A “blind spot” in the pensions system needs to be tackled to help gig economy workers boost their retirement savings, a report suggests.
Zurich said a shake-up is needed to reduce the risk of a gig economy long-term savings crisis, which would include expanding automatic enrolment into workplace pensions.
It said the UK gig economy includes five million people, ranging from those described as self-employed to those on zero-hour or agency contracts.
Chris Atkinson, head of consumer distribution at Zurich UK, said: “The gig economy has rapidly brought about a redefinition of the contracts between employers and employees.
“However, there is a blind spot in the current pension system. Gig economy workers don’t have access to a workplace pension, meaning millions aren’t saving enough for retirement.”
He continued: “The reality is that many gig workers may have to work far longer than even traditional employees before they can retire.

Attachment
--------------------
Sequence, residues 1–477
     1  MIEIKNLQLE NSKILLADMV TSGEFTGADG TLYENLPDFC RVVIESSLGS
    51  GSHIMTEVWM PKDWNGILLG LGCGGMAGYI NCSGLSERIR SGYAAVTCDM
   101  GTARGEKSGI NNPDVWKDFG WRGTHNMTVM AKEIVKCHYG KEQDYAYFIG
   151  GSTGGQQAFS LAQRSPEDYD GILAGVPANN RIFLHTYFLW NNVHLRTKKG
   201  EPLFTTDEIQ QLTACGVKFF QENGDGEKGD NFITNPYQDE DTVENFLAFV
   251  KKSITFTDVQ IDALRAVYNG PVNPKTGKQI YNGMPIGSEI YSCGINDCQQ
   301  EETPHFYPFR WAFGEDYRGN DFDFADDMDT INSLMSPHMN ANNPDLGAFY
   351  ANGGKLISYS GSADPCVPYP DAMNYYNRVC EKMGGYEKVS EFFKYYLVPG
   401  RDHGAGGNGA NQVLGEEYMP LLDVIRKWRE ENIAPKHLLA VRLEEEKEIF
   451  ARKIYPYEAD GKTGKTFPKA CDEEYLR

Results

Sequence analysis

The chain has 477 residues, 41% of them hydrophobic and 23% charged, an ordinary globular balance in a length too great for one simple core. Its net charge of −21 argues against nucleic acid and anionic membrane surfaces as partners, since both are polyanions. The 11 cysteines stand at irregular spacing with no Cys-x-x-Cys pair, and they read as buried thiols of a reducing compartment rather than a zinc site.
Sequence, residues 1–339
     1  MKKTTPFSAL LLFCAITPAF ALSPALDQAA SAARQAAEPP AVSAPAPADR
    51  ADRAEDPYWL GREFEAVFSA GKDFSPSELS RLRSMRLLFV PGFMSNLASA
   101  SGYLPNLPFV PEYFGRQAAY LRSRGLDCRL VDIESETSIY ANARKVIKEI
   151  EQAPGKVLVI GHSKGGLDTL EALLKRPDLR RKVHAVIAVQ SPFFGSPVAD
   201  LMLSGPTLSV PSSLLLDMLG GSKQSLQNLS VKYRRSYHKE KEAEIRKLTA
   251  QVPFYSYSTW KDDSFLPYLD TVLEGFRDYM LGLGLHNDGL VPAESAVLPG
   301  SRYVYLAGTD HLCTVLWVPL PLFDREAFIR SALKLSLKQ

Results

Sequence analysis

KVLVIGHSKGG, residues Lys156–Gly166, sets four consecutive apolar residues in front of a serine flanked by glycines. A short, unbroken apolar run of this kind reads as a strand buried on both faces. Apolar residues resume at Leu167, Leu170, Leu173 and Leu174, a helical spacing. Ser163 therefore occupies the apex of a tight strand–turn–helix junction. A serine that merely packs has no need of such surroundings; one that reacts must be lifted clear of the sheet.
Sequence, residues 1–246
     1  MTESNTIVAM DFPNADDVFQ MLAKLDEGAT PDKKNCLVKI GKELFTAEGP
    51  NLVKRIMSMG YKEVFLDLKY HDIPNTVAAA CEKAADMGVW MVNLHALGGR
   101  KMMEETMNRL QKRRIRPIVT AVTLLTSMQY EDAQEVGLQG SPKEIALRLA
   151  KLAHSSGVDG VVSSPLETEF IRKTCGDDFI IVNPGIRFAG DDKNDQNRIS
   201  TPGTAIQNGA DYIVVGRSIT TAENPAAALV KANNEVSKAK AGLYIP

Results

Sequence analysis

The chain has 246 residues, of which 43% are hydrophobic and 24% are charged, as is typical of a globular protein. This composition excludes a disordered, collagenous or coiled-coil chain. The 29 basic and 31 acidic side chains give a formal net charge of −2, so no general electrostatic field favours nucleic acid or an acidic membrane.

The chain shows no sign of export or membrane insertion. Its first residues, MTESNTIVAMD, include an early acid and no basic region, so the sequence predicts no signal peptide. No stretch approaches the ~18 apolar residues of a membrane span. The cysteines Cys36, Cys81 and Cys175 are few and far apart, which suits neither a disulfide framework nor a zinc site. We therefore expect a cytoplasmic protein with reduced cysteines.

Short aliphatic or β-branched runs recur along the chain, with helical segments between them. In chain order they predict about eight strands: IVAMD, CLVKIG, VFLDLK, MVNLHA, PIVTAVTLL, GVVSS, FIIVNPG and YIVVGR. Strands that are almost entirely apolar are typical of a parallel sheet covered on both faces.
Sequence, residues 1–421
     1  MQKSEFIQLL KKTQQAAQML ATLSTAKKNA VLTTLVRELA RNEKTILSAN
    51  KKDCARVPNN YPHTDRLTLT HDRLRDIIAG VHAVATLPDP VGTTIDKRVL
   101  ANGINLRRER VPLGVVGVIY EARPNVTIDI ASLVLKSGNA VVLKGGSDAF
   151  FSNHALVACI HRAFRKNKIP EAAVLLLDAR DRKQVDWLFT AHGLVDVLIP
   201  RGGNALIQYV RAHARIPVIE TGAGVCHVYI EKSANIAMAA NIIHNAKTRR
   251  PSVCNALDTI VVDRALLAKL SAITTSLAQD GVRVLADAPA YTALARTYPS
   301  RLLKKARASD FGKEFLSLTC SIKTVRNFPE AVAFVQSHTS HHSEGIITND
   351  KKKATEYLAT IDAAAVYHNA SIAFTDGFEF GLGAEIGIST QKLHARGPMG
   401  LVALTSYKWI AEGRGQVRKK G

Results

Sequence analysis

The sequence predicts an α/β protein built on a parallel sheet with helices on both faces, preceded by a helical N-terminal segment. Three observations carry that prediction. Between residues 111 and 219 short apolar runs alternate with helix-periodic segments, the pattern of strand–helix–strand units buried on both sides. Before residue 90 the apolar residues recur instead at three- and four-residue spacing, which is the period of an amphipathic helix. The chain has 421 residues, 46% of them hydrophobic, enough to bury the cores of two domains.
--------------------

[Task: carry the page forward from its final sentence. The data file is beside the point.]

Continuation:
“This will be at a time when they are more vulnerable to financial shocks from ill health - or may find it harder to get a job in the first place.
“As well as saving more of their income earlier in life, it’s vital gig workers ensure they have a financial cushion in place should the unexpected happen.”
Gig economy workers could boost the size of their pension pot by up to £75,000 if a form of automatic enrolment were extended to cover all workers, research for Zurich suggests.
It said auto-enrolment should be expanded to self-employed people via the self-assessment tax return process.
A typical worker now aged 25 earning £25,000 could end up with a £75,600 lump sum at retirement, according to modelling from the Pensions Policy Institute (PPI) for Zurich.